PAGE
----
Degree Type

Dissertation

Date of Award

2019

Degree Name

Doctor of Philosophy

Department

Civil, Construction, and Environmental Engineering

Major

Civil Engineering

First Advisor

Jeramy C. Ashlock

Abstract

Three dimensional dynamic soil-pile group interaction has been a subject of significant research interest over the past several decades, and remains an active and challenging topic in geotechnical engineering. A variety of dynamic excitation sources may potentially induce instabilities or even failures of pile groups. Employing modern experimental and numerical techniques, the dynamics of pile groups is examined in this study by integrated physical and computational simulations. In the physical phase, full-scale in-situ elastodynamic vibration tests were conducted on a single pile and a 2×2 pile group. Comprehensive site investigations were conducted for obtaining critical soil parameters for use in dynamic analyses. Broadband random excitation was applied to the pile cap and the response of the pile and soil were measured, with the results presented in multiple forms to reveal the dynamic characteristics of the pile-soil system. In the computational phase, the BEM code BEASSI was extended and modified to enable analysis of 3D dynamic pile group problems, and the new code was validated and verified by comparison to reference cases from the literature. A new theoretical formulation for analysis of multi-modal vibration of pile groups by accelerance functions is established using the method of sub-structuring. Various methods for interpreting the numerical results are presented and discussed. Case studies and further calibration of the BEM soil profiles are conducted to optimize the match between the theoretical and experimental accelerance functions. Parametric studies are performed to quantify the influence of the primary factors in the soil-pile system, including the soil modulus and damping profiles in the disturbed zone and the half-space, thickness of layers used in discretization of the soil profiles, and properties of the superstructure. It is shown that the new 3D disturbed zone continuum models can help improve the accuracy of dynamic soil-pile interaction analysis for pile groups in layered soils. This study therefore helps to advance the fundamental knowledge on dynamic soil-pile interaction by improving the accuracy of current computational models, and contributing additional physical tests to the experimental database in the literature. The specific impedance functions generated herein can be immediately used in practice, and the underlying general 3D disturbed-zone computational framework can readily be applied to other pile group problems of interest to researchers and practitioners.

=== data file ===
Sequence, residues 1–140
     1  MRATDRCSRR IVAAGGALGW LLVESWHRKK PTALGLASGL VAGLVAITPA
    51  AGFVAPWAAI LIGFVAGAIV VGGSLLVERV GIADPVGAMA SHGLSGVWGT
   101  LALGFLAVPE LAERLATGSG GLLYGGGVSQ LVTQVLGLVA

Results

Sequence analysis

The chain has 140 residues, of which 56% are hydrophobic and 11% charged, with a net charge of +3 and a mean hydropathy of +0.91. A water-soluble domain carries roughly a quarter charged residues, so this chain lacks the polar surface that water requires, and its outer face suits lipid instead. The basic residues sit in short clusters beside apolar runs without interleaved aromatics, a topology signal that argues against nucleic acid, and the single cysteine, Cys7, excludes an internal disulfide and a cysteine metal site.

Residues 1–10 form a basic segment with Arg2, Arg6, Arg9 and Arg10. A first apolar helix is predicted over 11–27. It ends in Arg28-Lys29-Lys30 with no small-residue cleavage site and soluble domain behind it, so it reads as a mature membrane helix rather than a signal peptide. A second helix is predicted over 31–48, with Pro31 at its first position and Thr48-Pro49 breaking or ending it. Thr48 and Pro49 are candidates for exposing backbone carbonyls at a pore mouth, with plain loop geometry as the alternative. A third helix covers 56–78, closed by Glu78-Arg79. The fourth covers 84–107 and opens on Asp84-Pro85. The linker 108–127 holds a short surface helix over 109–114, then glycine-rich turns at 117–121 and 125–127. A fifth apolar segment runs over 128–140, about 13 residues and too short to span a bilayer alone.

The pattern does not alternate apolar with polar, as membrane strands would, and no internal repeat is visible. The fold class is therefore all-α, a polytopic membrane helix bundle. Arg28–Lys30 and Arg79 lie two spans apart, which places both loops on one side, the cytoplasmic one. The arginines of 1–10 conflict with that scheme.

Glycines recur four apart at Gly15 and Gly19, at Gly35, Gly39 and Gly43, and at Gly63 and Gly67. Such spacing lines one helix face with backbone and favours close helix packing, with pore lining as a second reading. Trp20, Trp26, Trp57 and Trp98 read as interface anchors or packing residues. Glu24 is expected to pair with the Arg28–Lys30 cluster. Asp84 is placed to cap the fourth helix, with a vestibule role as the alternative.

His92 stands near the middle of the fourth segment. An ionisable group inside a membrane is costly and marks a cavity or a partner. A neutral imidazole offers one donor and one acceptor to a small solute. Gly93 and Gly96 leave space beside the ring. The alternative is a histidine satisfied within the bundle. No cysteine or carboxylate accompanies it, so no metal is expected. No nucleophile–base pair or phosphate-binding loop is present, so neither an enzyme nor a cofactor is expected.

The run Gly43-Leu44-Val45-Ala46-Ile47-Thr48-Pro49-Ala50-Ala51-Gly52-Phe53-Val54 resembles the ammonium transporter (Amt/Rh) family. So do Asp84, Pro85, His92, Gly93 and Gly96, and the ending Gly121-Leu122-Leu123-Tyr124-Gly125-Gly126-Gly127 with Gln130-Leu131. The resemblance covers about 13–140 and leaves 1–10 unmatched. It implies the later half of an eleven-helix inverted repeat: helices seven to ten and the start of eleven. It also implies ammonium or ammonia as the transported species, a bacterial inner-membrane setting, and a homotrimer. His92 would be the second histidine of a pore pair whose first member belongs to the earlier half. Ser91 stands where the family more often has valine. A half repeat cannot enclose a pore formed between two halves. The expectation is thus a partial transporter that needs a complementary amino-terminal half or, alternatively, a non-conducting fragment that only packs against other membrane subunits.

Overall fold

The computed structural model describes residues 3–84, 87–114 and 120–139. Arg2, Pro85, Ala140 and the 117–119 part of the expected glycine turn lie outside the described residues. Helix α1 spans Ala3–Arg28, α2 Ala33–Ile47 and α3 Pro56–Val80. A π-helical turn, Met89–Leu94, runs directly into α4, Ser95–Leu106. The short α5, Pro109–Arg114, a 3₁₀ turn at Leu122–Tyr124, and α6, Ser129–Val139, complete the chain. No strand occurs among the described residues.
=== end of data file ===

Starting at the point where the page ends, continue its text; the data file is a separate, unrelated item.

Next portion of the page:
Copyright Owner

Zhiyan Jiang

Language

en

File Format

application/pdf

File Size

405 pages

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